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Time to put Darwin back in his box

Boz magazine, 54: 9, October 1998

Brian J Ford

Darwinism has suddenly acquired the status of a religion. If you aren’t an avowed ‘Darwinist’ you are in danger of being labelled an infidel. There have been publications and programmes worshipping the man, and at my beloved Linnean Society in Piccadilly we even had a televised ‘Darwin Debate’ chaired by the unctuously ignorant Melvyn Bragg. This pretentious Northerner knows less about science than I do about the winds of Windermere. Not only did Bragg understand nothing whatever of Darwinism, but it wasn’t even a debate; just a series of linked interviews which all served to perpetuate the myth. So, here’s a bit of balance. The theory of evolution was nothing new. It was not even Darwin’s idea. The word ‘evolution’ doesn’t appear anywhere in the first five editions of the Origin of Species. Survival of the fittest was written about by his grandfather, and a book describing natural selection - and which Darwin acknowledged as beating him to the post - he later belittled. To build an edifice of admiration on something so pretentious is a joke.

The advancement of life from simple to complex forms was broached by the ancient Greeks and worked into a scientific theory by the French naturalist Buffon a century before the Origin of Species. The book starts with fifty boring pages about pigeon breeding, and all Darwin did was to extend the idea to breeding with nature (rather than a pigeon-fancier) at the helm. Would you like an earlier example of ‘survival of the fittest’ in print? Here’s one: ‘The strongest and most active animal should propagate the species, which should thence become improved.’ That’s Darwinism in a nutshell, and these are indeed Darwin’s words - though not those of Charles Darwin, but his grandfather Erasmus who published them in his Zoonomia of 1794. Had Charles been influenced by his grandparent? He claimed that, yes, he had read Zoonomia, but wrote that his grandfather’s earlier description did not produce ‘any effect on me.’ Believe that, and you’ll believe anything.

The theory of evolution appeared in a book published in 1831. This was Naval Timber and Arboriculture and the author, tree breeder Patrick Matthew, included a section on natural selection. He put it very clearly: ‘There is a law universal in nature, tending to render every reproductive being the best possibly suited to its condition.’ He went on: ‘Nature, in all her modifications of life, has a power of increase far beyond what is needed to supply the place of what falls. Those individuals who possess not the requisite strength, swiftness, hardihood, or cunning, fall prematurely without reproducing . . . their place being occupied by the more perfect of their own kind.’ Is it possible that Charles Darwin hadn’t heard of the book? Hardly. He wrote: ‘I freely acknowledge that Mr Matthew has anticipated by many years the explanation which I have offered on the origin of species under the name of natural selection,’ and added the promise: ‘If another edition of my book is called for, I will insert a notice to the foregoing effect.’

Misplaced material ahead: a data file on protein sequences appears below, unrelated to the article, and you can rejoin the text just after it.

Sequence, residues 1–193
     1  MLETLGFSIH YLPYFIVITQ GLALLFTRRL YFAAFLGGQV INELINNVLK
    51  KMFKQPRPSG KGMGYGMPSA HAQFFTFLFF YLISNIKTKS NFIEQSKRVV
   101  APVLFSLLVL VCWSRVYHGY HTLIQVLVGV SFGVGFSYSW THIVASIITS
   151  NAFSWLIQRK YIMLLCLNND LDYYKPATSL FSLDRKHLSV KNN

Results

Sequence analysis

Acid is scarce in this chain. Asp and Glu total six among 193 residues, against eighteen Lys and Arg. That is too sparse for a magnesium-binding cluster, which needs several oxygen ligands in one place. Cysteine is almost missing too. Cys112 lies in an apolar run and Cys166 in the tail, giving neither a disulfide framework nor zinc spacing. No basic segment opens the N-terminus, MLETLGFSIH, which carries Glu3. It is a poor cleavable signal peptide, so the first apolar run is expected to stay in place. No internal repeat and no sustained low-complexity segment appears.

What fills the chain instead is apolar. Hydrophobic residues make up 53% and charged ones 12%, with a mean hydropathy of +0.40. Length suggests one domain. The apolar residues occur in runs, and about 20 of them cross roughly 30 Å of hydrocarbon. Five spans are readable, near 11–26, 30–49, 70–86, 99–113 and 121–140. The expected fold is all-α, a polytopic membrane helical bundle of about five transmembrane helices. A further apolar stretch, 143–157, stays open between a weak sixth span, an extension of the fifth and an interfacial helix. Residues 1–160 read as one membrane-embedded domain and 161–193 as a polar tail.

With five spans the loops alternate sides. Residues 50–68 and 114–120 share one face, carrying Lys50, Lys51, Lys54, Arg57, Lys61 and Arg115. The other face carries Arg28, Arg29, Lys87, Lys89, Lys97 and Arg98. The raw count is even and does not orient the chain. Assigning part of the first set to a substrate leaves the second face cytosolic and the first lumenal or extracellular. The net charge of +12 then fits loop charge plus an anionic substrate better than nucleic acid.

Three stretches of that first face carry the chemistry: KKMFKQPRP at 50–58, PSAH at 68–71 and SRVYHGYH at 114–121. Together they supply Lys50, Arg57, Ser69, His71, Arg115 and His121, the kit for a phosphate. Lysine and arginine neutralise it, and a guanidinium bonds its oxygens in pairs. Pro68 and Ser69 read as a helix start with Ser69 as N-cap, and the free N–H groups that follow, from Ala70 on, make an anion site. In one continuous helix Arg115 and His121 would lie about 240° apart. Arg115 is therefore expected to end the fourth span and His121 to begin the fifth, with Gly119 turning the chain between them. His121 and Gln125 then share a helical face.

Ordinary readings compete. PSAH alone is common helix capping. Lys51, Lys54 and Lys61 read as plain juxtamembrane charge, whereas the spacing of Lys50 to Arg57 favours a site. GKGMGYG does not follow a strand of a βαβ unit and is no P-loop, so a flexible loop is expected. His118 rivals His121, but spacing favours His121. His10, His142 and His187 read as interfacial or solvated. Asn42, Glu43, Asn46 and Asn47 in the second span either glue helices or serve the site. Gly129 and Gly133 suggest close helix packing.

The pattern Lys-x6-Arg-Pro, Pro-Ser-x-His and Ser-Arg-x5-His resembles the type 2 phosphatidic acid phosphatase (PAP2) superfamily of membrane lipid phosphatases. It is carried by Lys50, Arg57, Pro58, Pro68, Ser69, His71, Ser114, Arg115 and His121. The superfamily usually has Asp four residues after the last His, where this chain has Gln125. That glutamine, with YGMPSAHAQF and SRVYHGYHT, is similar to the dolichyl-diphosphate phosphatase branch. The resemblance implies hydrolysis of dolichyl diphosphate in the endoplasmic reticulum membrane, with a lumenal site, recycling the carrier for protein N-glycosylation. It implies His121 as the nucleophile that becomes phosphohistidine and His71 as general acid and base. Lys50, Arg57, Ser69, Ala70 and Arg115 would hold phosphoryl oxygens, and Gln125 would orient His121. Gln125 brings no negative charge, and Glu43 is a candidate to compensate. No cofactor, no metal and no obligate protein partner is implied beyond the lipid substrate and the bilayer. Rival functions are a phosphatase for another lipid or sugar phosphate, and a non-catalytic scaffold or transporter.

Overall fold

He broke his promise. Instead, he patronizingly claimed that: ‘An obscure writer on forest trees clearly anticipated my views . . . though not a single person ever noticed the scattered passages in his book.’ Not a single person noticed it? Matthew must have had an effect on contemporary society for his book was banned from many libraries. By the time the Origin of Species was published, Charles Darwin was a relative late-comer. The theory is now being claimed as the greatest single advancement in philosophy for centuries, and the notion of mankind as descended from the apes was a presented as a stunning revelation. I am suggesting the opposite - that Darwin was reflecting an already popular idea.

I can even quote his own words to support this view, for in the introduction to The Descent of Man he wrote: ‘The conclusion that man is the co-descendant with other species of ancient, lower, and extinct forms is not in any degree new.’ In their blind eagerness to hail Charles Darwin as something close to a deity, I never see these words quoted by the Darwinists of today. In any event, it was the young Alfred Russel Wallace who expanded on the theory. His paper, On the Tendency of Varieties to Depart Indefinitely from the Original Type, was crucial to the understanding of evolution. The much-vaunted presentation at the Linnean Society in 1858 was not simply of Darwin’s paper, but was a joint presentation from both men. Neither Charles Darwin nor Alfred Russel Wallace were there at the time, for presentations were normally communicated by an officer of the Society - and the President’s annual report reported that nothing of any great importance happened that year. That puts him on the same status as the A & R man who turned down the Beatles.

Science creates myths. Like the Emperor’s new clothes, the current claims of the scientific establishment acquire the status of dogma. There is a reason for it, of course. Today’s scientists were raised on a diet of deity; their current preoccupations are rich in resonances of childhood. Darwin is superman, whilst that other great fashion—the Big Bang theory—has its roots in childhood teaching. I see the Big Bang as a restatement of the Book of Genesis. All today’s scientists are doing is building effigies which reassure them of continuity from the cradle.

The myth of Darwinism has become a new religion. Believe in it, and you’re accepted; try to deny it, and ostracism awaits. These days the sanction may be loss of credibility (rather than the loss of your head)—but it’s still the same old inquisition.

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